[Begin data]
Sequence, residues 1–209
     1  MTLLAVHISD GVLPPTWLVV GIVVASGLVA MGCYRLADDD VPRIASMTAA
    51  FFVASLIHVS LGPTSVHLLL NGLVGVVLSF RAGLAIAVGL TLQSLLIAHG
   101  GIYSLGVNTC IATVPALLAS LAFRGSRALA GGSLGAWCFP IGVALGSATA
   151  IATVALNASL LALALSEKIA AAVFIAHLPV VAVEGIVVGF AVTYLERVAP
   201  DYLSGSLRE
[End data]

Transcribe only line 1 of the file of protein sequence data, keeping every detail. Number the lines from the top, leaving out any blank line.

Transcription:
Sequence, residues 1–209